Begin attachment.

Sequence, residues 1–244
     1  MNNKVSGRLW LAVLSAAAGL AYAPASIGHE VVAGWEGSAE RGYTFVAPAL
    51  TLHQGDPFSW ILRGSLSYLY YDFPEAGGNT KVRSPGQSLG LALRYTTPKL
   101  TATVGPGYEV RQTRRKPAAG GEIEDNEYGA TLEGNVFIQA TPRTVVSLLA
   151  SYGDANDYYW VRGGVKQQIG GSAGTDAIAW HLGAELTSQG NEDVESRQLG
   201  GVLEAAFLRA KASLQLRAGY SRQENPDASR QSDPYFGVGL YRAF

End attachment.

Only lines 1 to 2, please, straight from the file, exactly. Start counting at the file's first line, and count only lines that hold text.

Sequence, residues 1–244
     1  MNNKVSGRLW LAVLSAAAGL AYAPASIGHE VVAGWEGSAE RGYTFVAPAL